Because incarcerated women have a high prevalence of HIV infection, multiple sources of HIV risk in their lives, and limited access to HIV testing and counseling services outside of prison or jail, there should be multiple opportunities for women to say "yes" to HIV counseling and education while they are incarcerated (see table 3). However, the incarcerated woman's fear of stigmatization by her peers and correctional staff can have a negative impact on the detection and management of HIV/AIDS in prisons and jails. The closed setting of correctional institutions makes confidentiality difficult to maintain (particularly if a clinic or care provider is identified as being associated with HIV), though total confidentiality should always be the goal. Peer HIV/AIDS education programs may reduce stigmatization among prisoners and increase the general awareness of HIV in the incarcerated female population.34

Factors that are likely to encourage incarcerated women to become tested include concern about the impact of HIV infection on their present or future children, and about having contracted HIV infection in the context of having acquired other STIs. Many incarcerated women may have been tested for HIV during prior pregnancies and may therefore be familiar with the concepts and procedures related to HIV testing. However, younger women (with fewer arrests, fewer pregnancies, and fewer opportunities to interact with HIV testers and counselors) may be less familiar with the concept of HIV testing, and hence, more fearful.

In many facilities the list of "risk factors" will include virtually every female prisoner in the institution. With HIV/AIDS prevalence rates approximately 15 times higher among incarcerated women compared to the general population, HIV testing should be regularly offered and easily available to all women prisoners.

Considerations for Care

Ideally, correctional management of HIV would include a network of interconnected services that would address the needs of HIV-infected incarcerated women. These services might include clinical medical services, physical and sexual abuse recovery programs, drug treatment, and mental health services. They may also include vocational training and skills building workshops that, by helping women to become socio-economically more powerful, facilitate their ability to continue to effectively manage their healthcare needs and to prevent HIV transmission upon prison release. The opportunity to test and treat HIV-infected pregnant women who are incarcerated should not be missed. Finally, discharge planning programs initiated during incarceration can help connect women to community medical services, drug treatment, support services that provide child care, safe affordable housing, job training and employment opportunities that will all serve to increase their ability to continue to care for their own health needs. Incarceration provides a critical opportunity for the education, diagnosis, and medical care of HIV-infected women and high-risk HIV seronegative women, as well as a critically important public health opportunity to reduce the spread of HIV.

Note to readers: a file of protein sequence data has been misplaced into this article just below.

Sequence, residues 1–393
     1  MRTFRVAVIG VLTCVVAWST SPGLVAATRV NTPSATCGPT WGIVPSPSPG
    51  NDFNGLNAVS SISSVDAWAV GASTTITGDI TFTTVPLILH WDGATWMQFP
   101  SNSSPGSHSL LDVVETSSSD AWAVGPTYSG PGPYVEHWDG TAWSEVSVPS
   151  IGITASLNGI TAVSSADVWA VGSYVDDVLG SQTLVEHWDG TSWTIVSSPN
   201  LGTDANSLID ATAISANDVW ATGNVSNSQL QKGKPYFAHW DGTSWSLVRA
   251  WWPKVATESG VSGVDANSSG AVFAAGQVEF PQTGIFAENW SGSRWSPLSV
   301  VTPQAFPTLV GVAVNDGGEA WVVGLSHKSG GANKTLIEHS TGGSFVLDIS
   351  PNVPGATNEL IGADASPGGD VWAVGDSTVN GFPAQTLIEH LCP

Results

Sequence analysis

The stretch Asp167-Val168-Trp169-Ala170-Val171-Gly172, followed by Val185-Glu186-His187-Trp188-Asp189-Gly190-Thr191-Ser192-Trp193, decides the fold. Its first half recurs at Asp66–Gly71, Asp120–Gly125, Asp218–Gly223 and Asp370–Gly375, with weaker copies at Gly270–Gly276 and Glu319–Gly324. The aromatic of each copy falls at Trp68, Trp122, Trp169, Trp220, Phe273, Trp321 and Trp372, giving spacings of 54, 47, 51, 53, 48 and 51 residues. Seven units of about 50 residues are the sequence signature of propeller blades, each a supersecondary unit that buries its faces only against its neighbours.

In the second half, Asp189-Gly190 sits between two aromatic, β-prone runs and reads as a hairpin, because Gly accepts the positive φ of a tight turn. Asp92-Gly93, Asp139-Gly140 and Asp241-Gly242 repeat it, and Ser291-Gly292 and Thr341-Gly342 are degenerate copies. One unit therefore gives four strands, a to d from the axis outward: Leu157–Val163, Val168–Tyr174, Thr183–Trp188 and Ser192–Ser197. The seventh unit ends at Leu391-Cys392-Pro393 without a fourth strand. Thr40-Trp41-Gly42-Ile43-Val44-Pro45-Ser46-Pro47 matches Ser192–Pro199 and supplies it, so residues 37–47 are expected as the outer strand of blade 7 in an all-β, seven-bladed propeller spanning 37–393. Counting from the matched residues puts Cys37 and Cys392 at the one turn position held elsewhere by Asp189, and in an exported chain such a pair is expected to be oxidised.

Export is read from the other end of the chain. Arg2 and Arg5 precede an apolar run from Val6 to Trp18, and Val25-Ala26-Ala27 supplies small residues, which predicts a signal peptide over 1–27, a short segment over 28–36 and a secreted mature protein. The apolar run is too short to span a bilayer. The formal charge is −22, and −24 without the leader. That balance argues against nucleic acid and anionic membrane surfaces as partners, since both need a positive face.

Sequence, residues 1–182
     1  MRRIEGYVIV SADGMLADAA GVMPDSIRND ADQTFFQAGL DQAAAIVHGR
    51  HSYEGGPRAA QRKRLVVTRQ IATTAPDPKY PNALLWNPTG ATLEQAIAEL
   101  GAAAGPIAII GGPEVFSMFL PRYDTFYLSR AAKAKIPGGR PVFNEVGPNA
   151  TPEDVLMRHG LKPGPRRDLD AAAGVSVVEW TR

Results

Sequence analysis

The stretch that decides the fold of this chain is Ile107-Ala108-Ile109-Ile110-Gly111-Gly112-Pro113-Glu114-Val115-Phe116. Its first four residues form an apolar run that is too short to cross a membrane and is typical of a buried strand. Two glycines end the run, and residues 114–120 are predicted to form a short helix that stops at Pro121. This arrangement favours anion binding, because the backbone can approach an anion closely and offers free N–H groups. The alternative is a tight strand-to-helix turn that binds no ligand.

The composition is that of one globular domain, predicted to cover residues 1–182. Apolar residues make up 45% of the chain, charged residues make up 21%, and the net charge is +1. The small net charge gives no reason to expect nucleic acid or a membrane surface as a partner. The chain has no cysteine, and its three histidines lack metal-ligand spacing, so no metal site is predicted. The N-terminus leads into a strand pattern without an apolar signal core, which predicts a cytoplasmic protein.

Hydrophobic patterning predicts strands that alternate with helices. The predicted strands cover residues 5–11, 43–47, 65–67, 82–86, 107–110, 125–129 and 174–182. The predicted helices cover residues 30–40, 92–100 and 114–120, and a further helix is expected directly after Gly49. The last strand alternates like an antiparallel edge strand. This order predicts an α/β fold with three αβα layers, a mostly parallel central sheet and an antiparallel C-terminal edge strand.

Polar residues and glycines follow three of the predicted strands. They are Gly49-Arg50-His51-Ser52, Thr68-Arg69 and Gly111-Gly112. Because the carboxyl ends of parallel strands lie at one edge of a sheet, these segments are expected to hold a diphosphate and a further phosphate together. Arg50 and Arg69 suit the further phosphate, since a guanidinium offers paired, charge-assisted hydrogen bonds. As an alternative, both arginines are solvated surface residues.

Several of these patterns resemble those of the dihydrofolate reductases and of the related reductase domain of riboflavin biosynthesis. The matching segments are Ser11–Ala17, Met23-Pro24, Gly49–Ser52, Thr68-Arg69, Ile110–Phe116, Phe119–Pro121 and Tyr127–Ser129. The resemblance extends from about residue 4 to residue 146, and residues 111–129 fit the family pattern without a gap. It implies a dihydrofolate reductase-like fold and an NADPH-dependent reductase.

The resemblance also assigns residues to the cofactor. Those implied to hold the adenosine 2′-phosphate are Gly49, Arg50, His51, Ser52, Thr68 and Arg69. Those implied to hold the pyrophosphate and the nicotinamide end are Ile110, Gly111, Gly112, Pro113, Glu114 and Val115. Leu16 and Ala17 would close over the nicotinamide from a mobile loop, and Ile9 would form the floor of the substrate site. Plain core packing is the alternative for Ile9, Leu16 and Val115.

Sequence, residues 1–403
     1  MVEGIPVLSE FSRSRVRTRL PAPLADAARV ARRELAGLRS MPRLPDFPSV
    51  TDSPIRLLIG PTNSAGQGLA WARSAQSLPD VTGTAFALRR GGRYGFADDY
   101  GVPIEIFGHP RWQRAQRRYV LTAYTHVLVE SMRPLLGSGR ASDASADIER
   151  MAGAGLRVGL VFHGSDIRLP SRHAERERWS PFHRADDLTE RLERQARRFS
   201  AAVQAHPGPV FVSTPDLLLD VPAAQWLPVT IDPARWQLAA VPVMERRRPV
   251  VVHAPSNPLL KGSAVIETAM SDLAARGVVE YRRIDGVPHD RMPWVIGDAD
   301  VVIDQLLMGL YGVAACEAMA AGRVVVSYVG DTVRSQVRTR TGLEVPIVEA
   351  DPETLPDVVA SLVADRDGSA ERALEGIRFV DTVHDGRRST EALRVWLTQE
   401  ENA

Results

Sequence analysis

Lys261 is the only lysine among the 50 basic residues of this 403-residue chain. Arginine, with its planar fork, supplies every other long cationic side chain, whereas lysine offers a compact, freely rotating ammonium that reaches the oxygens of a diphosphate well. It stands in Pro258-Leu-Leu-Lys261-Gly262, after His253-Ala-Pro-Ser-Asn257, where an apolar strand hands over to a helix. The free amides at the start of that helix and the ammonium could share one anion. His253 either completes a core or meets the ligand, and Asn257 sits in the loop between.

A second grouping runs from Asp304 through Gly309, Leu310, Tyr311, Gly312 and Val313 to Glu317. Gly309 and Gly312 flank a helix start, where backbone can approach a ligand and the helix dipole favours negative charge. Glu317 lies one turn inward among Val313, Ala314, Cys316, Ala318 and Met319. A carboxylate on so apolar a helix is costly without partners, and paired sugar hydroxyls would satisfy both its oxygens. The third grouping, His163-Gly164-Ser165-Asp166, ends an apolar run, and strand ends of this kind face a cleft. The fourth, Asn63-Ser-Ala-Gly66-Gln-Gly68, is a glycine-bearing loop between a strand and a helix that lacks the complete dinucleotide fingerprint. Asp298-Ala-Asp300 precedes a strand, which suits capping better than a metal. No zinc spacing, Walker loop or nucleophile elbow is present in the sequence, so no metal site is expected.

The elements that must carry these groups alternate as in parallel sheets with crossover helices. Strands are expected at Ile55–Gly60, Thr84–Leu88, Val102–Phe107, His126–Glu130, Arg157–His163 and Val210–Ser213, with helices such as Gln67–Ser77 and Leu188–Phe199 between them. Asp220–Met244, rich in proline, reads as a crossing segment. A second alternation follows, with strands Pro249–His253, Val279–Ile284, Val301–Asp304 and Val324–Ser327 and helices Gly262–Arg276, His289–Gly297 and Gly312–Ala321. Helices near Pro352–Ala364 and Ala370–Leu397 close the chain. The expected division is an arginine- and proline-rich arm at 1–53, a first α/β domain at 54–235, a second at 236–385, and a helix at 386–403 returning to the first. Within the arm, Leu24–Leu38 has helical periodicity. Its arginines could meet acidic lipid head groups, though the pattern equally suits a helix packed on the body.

Recommended Reading and Resources

Bloom B, Owen B & Covington S. Gender Responsive Strategies: Research, Practice, and Guiding Principles for Women Offenders. 2003. Washington, DC: National Institute of Corrections.

Boudin K, Carrero I, Clark J, Flournoy VV, Loftin K, Martindale S, Martinez M, Mastroieni E, Richardson S. ACE: A Peer Education and Counseling Program Meets the Needs of Incarcerated Women With HIV/AIDS Issues. Journal of the Association of Nurses in Aids Care. 1999 10(6):90-98.

Browne A, Miller B, Maguin E. Prevalence and severity of lifetime physical and sexual victimization among incarcerated women. Int J Law Psychiatry. 1999; 22:301-322.